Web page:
Intelligence units have warned that the Quds Force, a special unit of Iran's Revolutionary Guard, plans to send a group to Turkey to carry out a series of demonstrations that may include a bomb attack on the Embassy or Consulate General of the United States.
The Turkish Security General Directorate (EGM) has warned police departments in all 81 Turkish provinces that they must be vigilant and remain alert to the existence of such a threat. The intelligence pertaining to the possibility of such an attack was delivered in a secret letter to the information department at Turkey's General Directorate of Security. The written statement indicates that a team linked to Iran's Revolutionary Guard will be sent to Turkey and that it may be planning to bomb the US embassy or consulate general in the country. The Quds Force is infamous for its role in attempting to export Iran's revolution to other countries through the instigation of chaos and by acting as the overseas branch of the Iranian Revolutionary Guard Corp.
However, facts about the force are well-guarded and scarce. The statement further details that the team intends to stay in five-star hotels in the city where the plan is to be carried out and that as a result, caution should be exercised when dealing with non-Turkish individuals staying at such lodgings. The statement also noted that groups linked to the Lebanon-based Hezbollah may also take part in the plotted demonstrations or attacks.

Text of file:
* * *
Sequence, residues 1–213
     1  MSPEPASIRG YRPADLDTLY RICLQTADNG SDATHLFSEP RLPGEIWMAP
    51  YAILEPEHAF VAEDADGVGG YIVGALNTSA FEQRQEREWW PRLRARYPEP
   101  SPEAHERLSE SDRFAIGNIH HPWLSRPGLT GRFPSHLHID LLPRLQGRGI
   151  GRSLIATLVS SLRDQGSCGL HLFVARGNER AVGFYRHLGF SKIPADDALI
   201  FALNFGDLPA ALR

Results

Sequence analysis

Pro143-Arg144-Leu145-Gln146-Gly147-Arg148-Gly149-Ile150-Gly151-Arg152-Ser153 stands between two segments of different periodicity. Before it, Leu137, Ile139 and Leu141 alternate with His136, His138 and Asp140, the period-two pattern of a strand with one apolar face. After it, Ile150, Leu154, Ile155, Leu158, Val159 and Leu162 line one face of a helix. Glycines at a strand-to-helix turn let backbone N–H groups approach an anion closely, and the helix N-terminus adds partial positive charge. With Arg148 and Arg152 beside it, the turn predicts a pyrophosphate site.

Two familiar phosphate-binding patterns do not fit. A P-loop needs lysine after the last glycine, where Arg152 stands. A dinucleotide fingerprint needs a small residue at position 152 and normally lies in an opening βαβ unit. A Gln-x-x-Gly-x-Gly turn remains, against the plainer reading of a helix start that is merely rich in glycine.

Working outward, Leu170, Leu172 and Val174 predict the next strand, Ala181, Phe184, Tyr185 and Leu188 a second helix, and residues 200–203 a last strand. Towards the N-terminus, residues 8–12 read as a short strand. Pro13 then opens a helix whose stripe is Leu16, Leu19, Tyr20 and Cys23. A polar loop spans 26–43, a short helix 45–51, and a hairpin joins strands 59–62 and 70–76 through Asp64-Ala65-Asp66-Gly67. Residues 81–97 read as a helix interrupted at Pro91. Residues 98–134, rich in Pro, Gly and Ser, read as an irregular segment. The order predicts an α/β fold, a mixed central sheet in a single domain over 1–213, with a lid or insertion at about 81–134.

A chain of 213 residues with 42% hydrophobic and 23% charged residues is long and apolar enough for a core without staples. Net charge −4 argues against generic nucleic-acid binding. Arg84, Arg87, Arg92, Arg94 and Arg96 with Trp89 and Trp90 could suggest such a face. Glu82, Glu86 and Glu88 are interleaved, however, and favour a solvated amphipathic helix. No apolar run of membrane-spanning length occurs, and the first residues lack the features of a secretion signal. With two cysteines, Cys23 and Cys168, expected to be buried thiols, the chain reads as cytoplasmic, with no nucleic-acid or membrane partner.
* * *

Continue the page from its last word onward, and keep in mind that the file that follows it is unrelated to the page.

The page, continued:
Intelligence data regarding the plan have been assessed by Turkish security forces to be an effort by Iran to stir to action illegal Turkish political groups following Turkey’s decision to host a NATO early-warning radar system and recent developments in Syria that have seen the establishment of a training camp for the Kurdistan Workers’ Party (PKK), a step interpreted as a response to Turkey’s criticism of the Syrian regime for its brutal crackdown on anti-regime protests.
A number of Iranian officials pledged revenge on Turkey last year after the country approved the establishment of the NATO defense system on its soil, with prominent military and political figures saying that Turkey would be sorry for siding with the US. Iran has interpreted Turkey’s role in the international community as a threat against its interests, and is convinced the US and Israel are its archenemies seeking to destroy Iran. However, top Iranian officials, including Foreign Minister Ali Akbar Salehi, have assured Turkey that such threats coming from Iranian lawmakers do not reflect the official policy of the country and that Turkey should only consider information from senior Iranian authorities in office.
Salehi has also frequently expressed his concern over such “provocations” that may try to see the brotherhood of Iran and Turkey, which spans centuries, fall apart. He believes the countries should keep in close contact and cooperate regarding regional developments. Although Turkey and Iran are engaged in close cooperation when it comes to combating terrorism and sharing intelligence along their common border, the countries frequently disagree about developments in the region.
One such recent disagreement was sparked last month when US troops pulled out of Iraq and left the country to submerge into a sectarian conflict between Sunnis and Shiites. Turkey, a Sunni-majority country, claims to dismiss sectarian differences in its approach to the Middle East and urges Iran to work for solidarity among sects rather than allowing the Shiite bloc alone to monopolize power in the hands of the sect. Iran is also speculated to be leading a new rise of the Shiite Crescent in the region, supporting Shiite-backed political blocs in other countries, such as Syria, while creating chaos in those ruled by Sunni leaders, such as Bahrain. Iran vehemently refutes this role in both cases and denies having connections to recent arms shipments intercepted by Turkey allegedly on their way from Iran to Syria, where pro-democracy clashes run the risk of leading to a civil war.